Reply
  8. Lauren

    I made these last night and they were great! It was raining, so I grilled them on my grill pan over the stove. I also made the zucchini caponata (with grilled eggplant added) and it was a great combination. My husband doesn’t care for zucchini, so I put out other items that he could use on top of his rounds. We had a roasted garlic paste, some thinly-sliced prosciutto di Parma, roasted red peppers, various cheeses, and some fresh basil. It was a fun for each of us to make our own combination of toppings.

    Reply
  9. Christina

    These look delicious….would I be able to use some of my sourdough starter instead of the overnight starter? Yes you can use sour dough starter instead of the overnight starter. I would use about 3/4 cup of starter. Mary @ KAF

    Reply
  10. Kathleen

    These would be great for something we did before – a pizza party! We made individual pizzas on the grill and had bowls of toppings ready. Everyone made their own and we ended up passing them around to share. It was one of the best things we ever did – everyone loved it.

    Reply
  11. Amy Ruhlman

    The recipe for the starter says 3/4 c – on the video she says 1 cup – that is a big difference – which should it be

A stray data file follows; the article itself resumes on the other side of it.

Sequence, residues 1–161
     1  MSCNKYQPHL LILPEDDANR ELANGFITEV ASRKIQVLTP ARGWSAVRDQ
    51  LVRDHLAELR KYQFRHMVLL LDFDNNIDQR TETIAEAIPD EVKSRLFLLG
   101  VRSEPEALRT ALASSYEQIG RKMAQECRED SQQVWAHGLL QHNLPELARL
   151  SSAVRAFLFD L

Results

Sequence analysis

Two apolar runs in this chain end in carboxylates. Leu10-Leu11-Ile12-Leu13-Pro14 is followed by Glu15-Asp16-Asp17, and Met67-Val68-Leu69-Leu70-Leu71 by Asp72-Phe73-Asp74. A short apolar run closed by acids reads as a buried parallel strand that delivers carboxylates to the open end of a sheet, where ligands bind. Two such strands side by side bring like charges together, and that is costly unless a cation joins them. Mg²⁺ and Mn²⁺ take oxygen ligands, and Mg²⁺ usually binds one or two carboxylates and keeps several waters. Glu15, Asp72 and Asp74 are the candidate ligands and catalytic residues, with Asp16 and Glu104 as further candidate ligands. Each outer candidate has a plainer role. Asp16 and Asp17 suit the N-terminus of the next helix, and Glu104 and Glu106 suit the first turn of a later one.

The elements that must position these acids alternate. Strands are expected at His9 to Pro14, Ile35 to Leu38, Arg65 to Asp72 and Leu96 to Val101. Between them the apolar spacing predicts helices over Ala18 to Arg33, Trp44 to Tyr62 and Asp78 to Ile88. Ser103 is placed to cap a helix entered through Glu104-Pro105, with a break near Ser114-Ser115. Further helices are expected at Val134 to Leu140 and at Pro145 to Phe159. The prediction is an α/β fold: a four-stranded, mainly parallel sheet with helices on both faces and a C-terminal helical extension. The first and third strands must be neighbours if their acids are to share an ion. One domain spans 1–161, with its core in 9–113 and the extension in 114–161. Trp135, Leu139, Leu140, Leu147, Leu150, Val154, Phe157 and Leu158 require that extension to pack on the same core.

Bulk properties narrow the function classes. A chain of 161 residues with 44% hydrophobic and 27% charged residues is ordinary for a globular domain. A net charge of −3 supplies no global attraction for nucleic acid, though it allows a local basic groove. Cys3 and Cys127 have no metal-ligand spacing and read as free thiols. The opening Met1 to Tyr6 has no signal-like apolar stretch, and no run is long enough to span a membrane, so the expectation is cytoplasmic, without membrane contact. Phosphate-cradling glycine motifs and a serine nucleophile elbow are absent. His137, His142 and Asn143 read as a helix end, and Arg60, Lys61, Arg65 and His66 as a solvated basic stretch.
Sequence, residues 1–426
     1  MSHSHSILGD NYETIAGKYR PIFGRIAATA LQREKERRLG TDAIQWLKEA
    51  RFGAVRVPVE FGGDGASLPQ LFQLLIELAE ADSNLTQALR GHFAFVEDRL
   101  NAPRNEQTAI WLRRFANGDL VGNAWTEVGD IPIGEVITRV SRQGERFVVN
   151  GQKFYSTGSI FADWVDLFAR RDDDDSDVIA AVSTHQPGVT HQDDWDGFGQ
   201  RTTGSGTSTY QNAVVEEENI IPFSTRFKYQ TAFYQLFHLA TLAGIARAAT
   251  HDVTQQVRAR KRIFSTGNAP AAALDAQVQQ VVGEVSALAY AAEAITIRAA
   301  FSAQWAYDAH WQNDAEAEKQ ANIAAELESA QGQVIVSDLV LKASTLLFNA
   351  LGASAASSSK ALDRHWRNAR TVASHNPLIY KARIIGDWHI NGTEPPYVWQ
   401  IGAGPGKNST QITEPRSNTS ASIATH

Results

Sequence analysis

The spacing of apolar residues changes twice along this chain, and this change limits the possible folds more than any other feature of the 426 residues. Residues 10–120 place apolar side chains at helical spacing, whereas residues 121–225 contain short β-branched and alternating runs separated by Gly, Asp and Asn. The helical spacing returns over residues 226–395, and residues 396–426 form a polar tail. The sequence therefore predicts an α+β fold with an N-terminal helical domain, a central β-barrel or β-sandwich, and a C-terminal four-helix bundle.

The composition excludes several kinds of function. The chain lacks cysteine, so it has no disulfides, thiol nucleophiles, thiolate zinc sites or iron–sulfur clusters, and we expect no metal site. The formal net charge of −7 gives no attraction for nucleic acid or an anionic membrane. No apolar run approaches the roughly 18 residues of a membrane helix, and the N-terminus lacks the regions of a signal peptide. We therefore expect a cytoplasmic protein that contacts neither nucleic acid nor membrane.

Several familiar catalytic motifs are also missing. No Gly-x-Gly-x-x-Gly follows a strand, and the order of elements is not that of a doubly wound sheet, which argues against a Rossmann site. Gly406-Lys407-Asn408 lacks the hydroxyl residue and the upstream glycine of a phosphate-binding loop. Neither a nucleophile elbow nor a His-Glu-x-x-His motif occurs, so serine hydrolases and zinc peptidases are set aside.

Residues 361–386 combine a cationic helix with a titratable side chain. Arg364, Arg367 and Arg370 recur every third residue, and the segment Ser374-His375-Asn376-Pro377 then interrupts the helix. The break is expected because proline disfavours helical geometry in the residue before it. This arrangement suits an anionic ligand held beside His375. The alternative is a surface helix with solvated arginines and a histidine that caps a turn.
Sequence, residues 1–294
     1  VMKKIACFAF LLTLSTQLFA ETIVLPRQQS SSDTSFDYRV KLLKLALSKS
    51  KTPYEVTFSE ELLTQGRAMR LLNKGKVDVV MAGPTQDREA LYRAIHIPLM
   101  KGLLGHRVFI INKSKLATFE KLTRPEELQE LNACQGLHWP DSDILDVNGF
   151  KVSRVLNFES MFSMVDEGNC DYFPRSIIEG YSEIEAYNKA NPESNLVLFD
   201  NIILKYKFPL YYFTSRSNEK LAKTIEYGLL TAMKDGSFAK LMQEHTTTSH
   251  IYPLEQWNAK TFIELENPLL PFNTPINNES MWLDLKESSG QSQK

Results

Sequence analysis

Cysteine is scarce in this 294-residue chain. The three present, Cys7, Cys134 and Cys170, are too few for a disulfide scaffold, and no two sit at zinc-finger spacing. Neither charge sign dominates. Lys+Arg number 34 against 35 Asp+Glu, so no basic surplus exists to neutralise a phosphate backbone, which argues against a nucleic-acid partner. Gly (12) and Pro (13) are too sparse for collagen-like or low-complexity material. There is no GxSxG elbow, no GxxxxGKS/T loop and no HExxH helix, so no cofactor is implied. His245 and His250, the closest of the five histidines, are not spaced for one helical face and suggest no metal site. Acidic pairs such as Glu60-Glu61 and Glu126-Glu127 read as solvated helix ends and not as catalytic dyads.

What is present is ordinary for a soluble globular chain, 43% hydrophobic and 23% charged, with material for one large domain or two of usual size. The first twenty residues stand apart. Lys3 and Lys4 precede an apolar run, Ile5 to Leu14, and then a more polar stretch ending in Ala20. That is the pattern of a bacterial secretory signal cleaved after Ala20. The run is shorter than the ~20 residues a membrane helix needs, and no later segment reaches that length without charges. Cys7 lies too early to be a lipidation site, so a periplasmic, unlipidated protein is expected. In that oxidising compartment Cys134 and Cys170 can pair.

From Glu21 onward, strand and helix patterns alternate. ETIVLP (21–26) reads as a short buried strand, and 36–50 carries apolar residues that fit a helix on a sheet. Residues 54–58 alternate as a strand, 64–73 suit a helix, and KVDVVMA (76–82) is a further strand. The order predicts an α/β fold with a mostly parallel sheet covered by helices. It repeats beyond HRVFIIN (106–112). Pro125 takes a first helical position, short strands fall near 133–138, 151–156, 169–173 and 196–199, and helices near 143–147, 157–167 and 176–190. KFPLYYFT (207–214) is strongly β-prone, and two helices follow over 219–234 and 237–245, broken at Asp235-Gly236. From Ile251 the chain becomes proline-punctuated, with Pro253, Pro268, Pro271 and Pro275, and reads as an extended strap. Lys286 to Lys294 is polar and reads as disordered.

The correct amount is 3/4 cup-sorry for the error. Joan@bakershotline

    Reply
  12. Joey D

    I used the 3/4 cup of sourdough starter at a 100% hydration, and had to significantly up the flour amounts to adjust for a really slack dough. Granulated garlic, KAF pizza topping, and a little less asiago than called for made for a really great tasting flat bread! Thanks Susan! :)

    Reply
  13. amy r

    When using an ourdoor gas grill do you keep the grill open or closed while baking.

    I like to close mine, Amy – makes for a a more even bake. PJH

    Obviously you need the grill open while you’re in the placing and turning phases, but I do the same as PJ; for the bake time it’s more efficient to close the lid. That’s what I was imitating with the inverted metal bowl in the stovetop situation. Susan

    Reply
  14. Angela

    My daughter and I made these today! We have two words: EASY and YUMMY! We had them with grilled portobello mushrooms, very tasty! We will try making a pizza with it next time!
    Thanks for the great recipe!

    Reply
  15. Wendy

    We made these to have with lamb burgers tonight and, based on an appitizer we had at a fabulous local restuarant, had them with goat cheese and honey comb spread on top – on word AMAZING! Thank you for a keeper recipe – so easy on a hot summer night (not having to heat up the kitchen more!) Leftovers will be used for dinner tomorrow night!

    Reply
  16. Dave Wesolowski

    Gee Susan R. these look yumptious!!! You should have given an old friend this recipe years ago.

    Wow, Dave, can’t believe you found me! When I was doing “Reid” dinners on Cleveland St. in Chicago I hadn’t made it to the hard core baking incarnation of chefdom yet. Great to hear from you! Susan

    Reply
    1. MaryJane Robbins

      Hi Linda,
      You can freeze the grilled rounds once they are cooled. Just pop them in the oven for a quick reheat before serving. Enjoy! ~ MJ